Neurological Disorders Q 142 - Gyan Darpan : Learning Portal
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Sunday, 17 April 2022

Neurological Disorders Q 142

A client comes into the ER after hitting his head in an MVA. He’s alert and oriented. Which of the following nursing interventions should be done first?
     A. Assess full ROM to determine extent of injuries.
     B. Call for an immediate chest x-ray.
     C. Immobilize the client’s head and neck.
     D. Open the airway with the head-tilt-chin-lift maneuver.

Correct Answer: C. Immobilize the client’s head and neck.

All clients with a head injury are treated as if a cervical spine injury is present until x-rays confirm their absence. The airway doesn’t need to be opened since the client appears alert and not in respiratory distress. The management of patients with head trauma should always consider C-spine motion restriction. Hold the neck immobile in line with the body, apply a rigid or semi rigid cervical collar, and (unless the patient is very restless) secure the head to the trolley with sandbags and tape.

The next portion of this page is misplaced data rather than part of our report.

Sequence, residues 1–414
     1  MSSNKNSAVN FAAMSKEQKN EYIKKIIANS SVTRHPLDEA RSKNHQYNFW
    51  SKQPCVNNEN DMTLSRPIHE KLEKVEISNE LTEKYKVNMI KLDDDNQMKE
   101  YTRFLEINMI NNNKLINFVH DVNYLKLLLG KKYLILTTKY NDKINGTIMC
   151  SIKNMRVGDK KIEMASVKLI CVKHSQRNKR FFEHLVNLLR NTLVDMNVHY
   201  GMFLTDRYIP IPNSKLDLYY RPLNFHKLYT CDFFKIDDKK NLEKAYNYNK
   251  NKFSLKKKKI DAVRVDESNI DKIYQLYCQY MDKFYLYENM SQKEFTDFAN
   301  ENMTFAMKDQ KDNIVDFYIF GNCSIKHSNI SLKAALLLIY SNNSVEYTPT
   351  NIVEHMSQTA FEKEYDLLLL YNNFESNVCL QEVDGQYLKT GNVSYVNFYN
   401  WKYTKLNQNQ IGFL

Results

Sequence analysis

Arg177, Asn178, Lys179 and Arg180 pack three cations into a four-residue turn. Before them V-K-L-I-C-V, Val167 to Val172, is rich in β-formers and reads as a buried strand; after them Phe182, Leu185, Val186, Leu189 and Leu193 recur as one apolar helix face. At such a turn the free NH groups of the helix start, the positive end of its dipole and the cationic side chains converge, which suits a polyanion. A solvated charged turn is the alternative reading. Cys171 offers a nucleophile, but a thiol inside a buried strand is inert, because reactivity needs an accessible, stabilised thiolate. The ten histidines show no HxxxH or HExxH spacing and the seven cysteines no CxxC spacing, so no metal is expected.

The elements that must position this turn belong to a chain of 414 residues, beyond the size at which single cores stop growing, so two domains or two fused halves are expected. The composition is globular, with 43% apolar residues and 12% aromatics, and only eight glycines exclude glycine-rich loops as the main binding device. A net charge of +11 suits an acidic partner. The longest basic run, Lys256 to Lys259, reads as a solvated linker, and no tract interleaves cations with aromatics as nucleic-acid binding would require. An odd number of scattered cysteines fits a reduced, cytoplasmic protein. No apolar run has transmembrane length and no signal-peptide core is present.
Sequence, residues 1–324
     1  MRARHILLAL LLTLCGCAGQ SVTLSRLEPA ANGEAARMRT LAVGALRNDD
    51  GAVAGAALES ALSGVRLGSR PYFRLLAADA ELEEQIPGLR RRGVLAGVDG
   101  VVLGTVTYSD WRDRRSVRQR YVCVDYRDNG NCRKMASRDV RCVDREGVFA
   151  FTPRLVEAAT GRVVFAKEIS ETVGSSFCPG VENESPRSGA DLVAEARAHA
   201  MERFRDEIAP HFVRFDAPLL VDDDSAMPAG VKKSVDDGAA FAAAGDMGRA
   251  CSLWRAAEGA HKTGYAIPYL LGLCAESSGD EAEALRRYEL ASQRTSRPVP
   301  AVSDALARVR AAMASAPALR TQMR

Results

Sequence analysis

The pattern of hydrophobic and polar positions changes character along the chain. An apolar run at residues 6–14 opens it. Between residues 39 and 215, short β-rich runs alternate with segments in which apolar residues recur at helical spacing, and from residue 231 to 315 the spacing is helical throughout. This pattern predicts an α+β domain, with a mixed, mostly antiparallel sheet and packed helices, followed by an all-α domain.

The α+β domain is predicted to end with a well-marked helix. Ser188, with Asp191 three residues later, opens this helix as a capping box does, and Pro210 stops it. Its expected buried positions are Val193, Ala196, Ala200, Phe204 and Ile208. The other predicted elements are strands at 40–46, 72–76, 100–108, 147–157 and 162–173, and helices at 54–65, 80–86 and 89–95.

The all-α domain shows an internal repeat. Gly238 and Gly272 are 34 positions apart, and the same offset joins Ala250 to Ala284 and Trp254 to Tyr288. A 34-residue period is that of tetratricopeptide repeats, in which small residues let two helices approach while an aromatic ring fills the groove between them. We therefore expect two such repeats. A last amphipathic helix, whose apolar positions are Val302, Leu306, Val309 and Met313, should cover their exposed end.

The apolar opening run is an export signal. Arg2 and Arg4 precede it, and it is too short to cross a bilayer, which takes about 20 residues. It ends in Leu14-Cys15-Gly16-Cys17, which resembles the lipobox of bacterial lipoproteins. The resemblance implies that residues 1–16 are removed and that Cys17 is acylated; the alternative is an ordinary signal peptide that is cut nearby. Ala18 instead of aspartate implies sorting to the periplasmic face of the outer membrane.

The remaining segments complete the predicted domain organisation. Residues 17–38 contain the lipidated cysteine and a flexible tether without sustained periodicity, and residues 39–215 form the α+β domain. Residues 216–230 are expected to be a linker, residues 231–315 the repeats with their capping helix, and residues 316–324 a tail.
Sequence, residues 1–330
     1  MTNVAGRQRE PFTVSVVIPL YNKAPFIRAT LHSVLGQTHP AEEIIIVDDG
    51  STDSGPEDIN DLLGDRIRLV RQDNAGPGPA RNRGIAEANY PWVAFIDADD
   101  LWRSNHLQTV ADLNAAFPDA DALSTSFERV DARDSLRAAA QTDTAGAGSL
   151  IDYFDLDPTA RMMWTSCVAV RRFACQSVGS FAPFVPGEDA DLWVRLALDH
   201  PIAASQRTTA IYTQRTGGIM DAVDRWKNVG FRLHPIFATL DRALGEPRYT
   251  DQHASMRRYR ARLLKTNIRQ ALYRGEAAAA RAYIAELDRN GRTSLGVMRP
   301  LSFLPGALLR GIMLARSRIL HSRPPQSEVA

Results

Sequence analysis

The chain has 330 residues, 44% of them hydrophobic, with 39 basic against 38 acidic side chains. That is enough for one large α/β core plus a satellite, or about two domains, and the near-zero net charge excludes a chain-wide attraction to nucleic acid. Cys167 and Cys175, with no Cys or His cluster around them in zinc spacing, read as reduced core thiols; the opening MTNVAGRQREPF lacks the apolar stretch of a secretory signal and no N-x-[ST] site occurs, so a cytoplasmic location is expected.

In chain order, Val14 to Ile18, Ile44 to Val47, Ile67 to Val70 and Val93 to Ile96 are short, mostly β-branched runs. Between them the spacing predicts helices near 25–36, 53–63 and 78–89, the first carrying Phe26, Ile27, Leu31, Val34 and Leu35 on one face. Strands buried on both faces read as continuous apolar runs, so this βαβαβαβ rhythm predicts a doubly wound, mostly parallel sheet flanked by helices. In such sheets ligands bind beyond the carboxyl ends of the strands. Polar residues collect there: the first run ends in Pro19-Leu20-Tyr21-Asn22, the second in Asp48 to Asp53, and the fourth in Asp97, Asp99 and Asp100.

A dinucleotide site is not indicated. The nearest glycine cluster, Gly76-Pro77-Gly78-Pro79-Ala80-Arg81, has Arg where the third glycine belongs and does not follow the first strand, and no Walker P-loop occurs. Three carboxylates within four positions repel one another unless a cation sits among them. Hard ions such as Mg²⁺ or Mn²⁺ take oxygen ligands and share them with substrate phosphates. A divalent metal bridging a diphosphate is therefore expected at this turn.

Option A: ROM would be contraindicated at this time. Cervical spine injury can be difficult to diagnose in the unconscious patient and should be assumed to be present until it can confidently be excluded. The patient should be positioned properly with the neck in neutral position and the head end of the bed elevated to 30°. This facilitates cerebral venous drainage.
Option B: There is no indication that the client needs a chest x-ray. A tension pneumothorax is a life-threatening emergency which should be diagnosed clinically and treated promptly. An indwelling arterial cannula allows serial blood gas measurement and continuous recording of BP. Pulse oximetry is valuable for indirect measurement of how well the patient is being oxygenated.
Option D: In addition, the head-tilt-chin-lift maneuver wouldn’t be used until the cervical spine injury is ruled out. The priority in TBI must always be to secure, maintain, and protect a clear airway. Remove secretions and foreign bodies by manual extraction or suction, giving oxygen by mask (10–12 1/min).

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